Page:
If Vince Gill had only had the success he found with the Pure Prairie League, it would have been impressive. If he'd only had a couple of number one country records, it would have solidified his place. But 20 million-plus albums sold later, more Grammys than any other male country artist in history and an induction into the Country Music Hall of Fame tells you Gill has been nothing short of one of the cornerstones for this brand of music. We caught up with Gill as he was nearing a performance at the Grand Ole Opry, a spot you can catch him most weekends, still playing the songs that people love while working on creating new favorites for the next generation of fans.
Humana: What keeps you going when you could have called it a career a long time ago if you wanted to?
Gill: I just can't fathom not playing music, I couldn't even entertain the thought of retiring. It's such a part of my being, it's the one thing that's spoken to me my whole life. What keeps me doing it is I'm getting better at it—I may have had my biggest chart success in the past but I'm a better singer and songwriter, a better guitar player than I was then. You know what else? It's never felt like work—you never have to grow up! I get to change every song, I could make every concert different.
Humana: What are some important things you know now that you didn't when you were younger?
Gill: Figure out what you don't need. As much as anything, you should learn what not to play and what not to sing. Learning to edit yourself is a skill to work on. When I was trying to climb that ladder, you're a sponge, you have all this stuff that's in you and you spend the rest of your life weeding out what you don't need. That's the gift to me.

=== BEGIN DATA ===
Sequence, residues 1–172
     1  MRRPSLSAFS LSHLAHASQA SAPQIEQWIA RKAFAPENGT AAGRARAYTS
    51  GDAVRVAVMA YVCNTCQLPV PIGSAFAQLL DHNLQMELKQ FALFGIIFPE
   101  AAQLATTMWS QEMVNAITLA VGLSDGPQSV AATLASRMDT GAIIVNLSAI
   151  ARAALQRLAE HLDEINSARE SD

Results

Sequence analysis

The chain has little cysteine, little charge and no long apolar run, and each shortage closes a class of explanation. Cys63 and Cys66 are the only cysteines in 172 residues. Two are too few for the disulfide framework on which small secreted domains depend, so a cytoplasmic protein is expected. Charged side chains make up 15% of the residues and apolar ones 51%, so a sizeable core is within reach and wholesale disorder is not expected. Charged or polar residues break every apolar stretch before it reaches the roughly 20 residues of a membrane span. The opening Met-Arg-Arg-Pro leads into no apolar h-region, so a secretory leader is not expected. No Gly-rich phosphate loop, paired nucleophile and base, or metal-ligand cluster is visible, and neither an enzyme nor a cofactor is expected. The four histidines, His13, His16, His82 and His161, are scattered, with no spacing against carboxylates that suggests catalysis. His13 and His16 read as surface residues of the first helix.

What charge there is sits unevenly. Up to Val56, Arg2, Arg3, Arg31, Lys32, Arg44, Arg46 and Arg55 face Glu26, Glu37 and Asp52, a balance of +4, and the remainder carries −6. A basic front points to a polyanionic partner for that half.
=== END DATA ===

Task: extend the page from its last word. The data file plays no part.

Humana: We heard a story that you were thinking about quitting and Eric Clapton helped convince you not to? Did that really happen?
Gill: I was struggling a little bit with my place, it was the first time in my career that things slowed down, that my albums weren't being played. Clapton told me, "I'm only inviting guitar players that I like and I want you to play with me." Here's the greatest guitar player in the world accepting me. We did these shows called the Crossroads Guitar Festivals and he even recorded one of my songs. He's playing in Nashville and asking me to sit in. I was up there with an icon and people at breakfast said, "I saw you with Eric Clapton!" Those kinds of things motivate you.
Humana: What do you do to unwind when you're not playing music?
Gill: Play a lot of golf. Love being in tournaments and even got to play Augusta National! The Masters is there every year and the first time I played it I knew how to play every hole. That's what comes with watching it so many times.
Humana: How have you handled the road with having a family and the commitments that come with it?
Gill: You put both feet forward and do the best you can. I'm glad I can limit going out on the road now to when I want to. I was a different father in the beginning—I had to go out and accomplish and make my place. That meant I had to be gone. With (daughter) Karina, the hard work was already put in so the parameters are very different. But I can stay busy without being on the road as much, whether it's philanthropy or producing someone else's record. I can work as a guitar player or sing for someone, so I still have a full plate. Most weekends at the Opry I'm playing on a Friday or Saturday night. Just try to keep the priorities in order and just keep it sane.
Humana: What do you think the future holds for you in music?
Gill: When I was inducted into the Country Music Hall of Fame most people said you can go and relax now. I say now go earn it. That induction said I'm worthy so show them how you are. Now I may not be as nimble or I may lose my mind (laughs), but you see how many records George Jones has made, a record every six months. Look at Willie Nelson. There's a pretty big wealth of stuff if you go for it. That's what I'm going to do!